my greatest disappointment, and probably the scar that cut me deep enough that i have shied from comments ever since, came on a post i had written in what i considered to be one of the most heartfelt voices i’d ever used for public consumption. a friend who i am sure meant no harm was the first to comment and she chose to say something completely trivial and entirely unrelated to the topic on which i had written. that she’d completely disregarded the way i’d left myself vulnerable bothered me more than any assault on my ideas might have. i know the hurt wasn’t intentional and i know i was probably hyper-sensitive about it, but i still remember. and given that, for the time being, i am using this space essentially (though, not necessarily intentionally) as therapy, i’m a little more exposed than i am used to being.

thankfully, sweet thais had the good grace to reach out and talk me down and out and open me up. she’s right in pointing out that each comment is full of support and beauty and, at the very least, a lesson. and, after all, what’s a blog without the community? xo

giving good phone


i’m a little embarrassed to admit (sorry, laur, but you know i adore you!) that i read kelly cutrone’s book if you have to cry, go outside long enough to find the one paragraph that resonated with me. unfortunately, it was way at the very end of the book.

I fear our modern loss of human contact. We’re addicted to devices and programs that make us feel like we’re connecting when in fact we’re just becoming more and more isolated and more and more silent. We use Facebook, texting, and email as substitutes for actual human contact; we even call each other’s voice mails to avoid actually speaking to each other! And as we get more and more used to electronic means of communication, our senses receive less and less stimulation and our interactions are stripped of their humanness. Our tribes dissolve even further. I believe this has made us more neurotic and more violent and even more depressed.

i go through periods when i think about stuff like this. i once read that the majority of americans (and i take this to mean north americans – what’s the difference?) go through their days without touching or being touched by another person. years later, that still haunts me. knowing the benefits of contact, it makes me sad for those for whom this is a reality. i also take mental note of the people who make physical contact with others and how they do it. i try to make an effort to bring touch into the lives around me.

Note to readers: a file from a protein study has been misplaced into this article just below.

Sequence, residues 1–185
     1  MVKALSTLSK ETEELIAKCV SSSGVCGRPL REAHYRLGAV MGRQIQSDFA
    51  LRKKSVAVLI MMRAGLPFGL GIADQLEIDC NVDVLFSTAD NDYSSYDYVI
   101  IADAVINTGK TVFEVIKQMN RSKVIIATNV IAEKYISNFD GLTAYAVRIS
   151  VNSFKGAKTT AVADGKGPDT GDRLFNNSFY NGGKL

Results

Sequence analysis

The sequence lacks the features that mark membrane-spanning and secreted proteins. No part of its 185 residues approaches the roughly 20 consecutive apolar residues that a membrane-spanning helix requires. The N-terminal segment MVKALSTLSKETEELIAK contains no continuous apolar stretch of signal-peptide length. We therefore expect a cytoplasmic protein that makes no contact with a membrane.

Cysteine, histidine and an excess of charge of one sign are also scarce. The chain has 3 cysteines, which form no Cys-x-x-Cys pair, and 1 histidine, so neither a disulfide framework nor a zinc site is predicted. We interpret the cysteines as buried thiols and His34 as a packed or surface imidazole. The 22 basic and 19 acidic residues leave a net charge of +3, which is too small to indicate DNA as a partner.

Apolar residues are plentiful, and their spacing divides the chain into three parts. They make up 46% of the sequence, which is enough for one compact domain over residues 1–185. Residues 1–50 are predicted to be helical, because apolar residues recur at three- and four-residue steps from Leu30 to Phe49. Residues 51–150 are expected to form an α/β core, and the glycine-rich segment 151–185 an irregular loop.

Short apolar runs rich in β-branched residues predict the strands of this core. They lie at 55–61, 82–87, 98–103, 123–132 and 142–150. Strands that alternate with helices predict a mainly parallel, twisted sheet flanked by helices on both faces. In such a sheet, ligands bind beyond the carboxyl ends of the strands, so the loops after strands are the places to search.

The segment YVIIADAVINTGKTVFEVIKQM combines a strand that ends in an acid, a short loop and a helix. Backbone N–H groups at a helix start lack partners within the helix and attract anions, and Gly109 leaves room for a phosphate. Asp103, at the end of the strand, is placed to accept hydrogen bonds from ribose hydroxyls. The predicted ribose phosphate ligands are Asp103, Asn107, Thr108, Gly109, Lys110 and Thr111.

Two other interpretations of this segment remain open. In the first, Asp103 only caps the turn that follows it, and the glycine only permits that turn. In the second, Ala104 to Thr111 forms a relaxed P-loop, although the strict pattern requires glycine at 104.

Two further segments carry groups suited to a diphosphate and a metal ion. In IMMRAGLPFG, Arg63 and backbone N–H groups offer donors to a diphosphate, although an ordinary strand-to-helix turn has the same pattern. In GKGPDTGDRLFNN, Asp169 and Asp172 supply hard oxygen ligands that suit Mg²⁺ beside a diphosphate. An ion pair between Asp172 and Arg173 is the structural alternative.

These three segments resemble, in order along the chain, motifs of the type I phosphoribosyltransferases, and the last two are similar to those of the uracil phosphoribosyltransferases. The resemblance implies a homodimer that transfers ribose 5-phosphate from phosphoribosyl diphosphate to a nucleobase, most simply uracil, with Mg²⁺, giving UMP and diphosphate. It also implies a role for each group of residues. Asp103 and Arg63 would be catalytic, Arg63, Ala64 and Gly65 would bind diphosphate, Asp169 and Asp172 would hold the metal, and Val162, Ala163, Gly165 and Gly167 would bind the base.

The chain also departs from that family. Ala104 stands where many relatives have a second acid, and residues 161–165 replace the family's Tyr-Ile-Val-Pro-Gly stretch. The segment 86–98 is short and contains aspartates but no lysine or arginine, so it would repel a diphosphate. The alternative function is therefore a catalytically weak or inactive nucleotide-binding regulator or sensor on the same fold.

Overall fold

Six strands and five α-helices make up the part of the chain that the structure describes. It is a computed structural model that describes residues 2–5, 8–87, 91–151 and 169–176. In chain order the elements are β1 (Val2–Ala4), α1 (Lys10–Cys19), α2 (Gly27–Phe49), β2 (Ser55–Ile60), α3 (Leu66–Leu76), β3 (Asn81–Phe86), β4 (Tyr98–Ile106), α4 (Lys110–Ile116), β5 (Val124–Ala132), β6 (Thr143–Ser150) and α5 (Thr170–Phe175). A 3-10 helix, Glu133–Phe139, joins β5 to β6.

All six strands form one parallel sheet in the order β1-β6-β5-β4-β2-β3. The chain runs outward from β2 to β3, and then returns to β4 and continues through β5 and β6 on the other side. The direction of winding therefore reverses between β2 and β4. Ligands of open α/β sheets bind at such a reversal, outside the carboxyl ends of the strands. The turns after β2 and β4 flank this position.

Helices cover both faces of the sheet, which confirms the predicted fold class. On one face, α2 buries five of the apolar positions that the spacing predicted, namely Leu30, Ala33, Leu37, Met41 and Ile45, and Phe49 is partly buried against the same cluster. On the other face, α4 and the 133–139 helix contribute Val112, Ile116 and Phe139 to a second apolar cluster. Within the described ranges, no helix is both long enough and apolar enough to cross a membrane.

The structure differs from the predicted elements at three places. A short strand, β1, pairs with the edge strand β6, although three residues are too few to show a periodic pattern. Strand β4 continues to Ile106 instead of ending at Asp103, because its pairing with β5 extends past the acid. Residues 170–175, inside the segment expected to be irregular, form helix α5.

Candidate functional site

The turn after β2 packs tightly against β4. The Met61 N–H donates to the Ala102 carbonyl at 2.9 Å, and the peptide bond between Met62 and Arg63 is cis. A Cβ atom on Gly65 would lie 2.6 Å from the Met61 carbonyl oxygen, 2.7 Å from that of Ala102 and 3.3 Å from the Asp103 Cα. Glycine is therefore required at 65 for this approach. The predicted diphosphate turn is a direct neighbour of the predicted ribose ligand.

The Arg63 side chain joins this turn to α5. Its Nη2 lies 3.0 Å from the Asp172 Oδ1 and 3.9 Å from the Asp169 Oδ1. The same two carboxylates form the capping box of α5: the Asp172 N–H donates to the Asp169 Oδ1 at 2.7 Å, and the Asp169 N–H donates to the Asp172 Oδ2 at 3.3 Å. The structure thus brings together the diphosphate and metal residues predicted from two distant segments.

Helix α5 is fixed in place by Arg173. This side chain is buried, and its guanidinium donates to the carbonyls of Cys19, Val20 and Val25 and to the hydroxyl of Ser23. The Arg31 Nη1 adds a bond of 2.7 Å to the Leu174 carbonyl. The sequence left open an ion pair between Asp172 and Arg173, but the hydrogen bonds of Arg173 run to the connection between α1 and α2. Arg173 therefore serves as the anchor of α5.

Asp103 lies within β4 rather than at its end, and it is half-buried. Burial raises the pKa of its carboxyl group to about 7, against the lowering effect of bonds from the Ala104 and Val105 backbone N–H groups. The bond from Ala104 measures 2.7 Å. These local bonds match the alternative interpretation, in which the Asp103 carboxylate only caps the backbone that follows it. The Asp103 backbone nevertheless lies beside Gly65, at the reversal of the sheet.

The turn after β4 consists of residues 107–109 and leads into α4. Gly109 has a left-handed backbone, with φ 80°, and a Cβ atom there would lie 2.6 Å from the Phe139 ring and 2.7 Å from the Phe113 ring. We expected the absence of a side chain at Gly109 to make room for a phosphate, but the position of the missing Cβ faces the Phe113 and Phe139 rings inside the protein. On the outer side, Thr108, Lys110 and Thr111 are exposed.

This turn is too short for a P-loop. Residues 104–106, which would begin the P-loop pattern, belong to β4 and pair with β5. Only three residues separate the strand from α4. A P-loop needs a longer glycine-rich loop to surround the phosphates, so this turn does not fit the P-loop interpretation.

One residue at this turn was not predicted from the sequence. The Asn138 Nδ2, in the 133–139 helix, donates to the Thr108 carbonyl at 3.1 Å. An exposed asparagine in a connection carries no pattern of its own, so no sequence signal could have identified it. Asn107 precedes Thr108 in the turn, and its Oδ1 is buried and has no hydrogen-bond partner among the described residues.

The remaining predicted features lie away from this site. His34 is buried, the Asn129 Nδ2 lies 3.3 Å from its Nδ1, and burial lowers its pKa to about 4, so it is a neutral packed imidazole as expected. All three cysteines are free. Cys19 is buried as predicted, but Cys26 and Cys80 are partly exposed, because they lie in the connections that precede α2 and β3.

the phone is one thing i am terrible at. talking on it, at least. texting, yes. facebook, yes. twitter, yes. any form of messaging other than actually talking, i have mastered. when it comes to real phone calls, a glance at my call history will show the reality. when it comes to the phone, i only really talk to kevin and my folks. even my bestie and i only talk on the phone a few times a year!

as a typical teenage girl, the phone was a staple of my life. my parents made the standard complaints about it being stuck to my ear and threatened to remove said attachment if my behaviour strayed from anything but acceptable. i can’t tell you when that dropped off and the real function of the phone died for me, but the passage from that cutrone book struck me. i do rely heavily on electronic communication and i have let some of my relationships slip as a result. that ain’t cool!

so, these days, when i’m thinking of hitting send on a text or composing an @ reply via twitter, i try to stop myself and think “could i make a phone call right now and enjoy this interaction even more?” sometimes i even find that the answer is yes!

do people still talk on the phone? do you??

…i’m reaching for the phone
to call the seven-oh-three
and on your machine i slur a plea
for you to come ho-o-ome…

i’m not sure that would feel or sound the same, had the message been sent by text or dm. 😛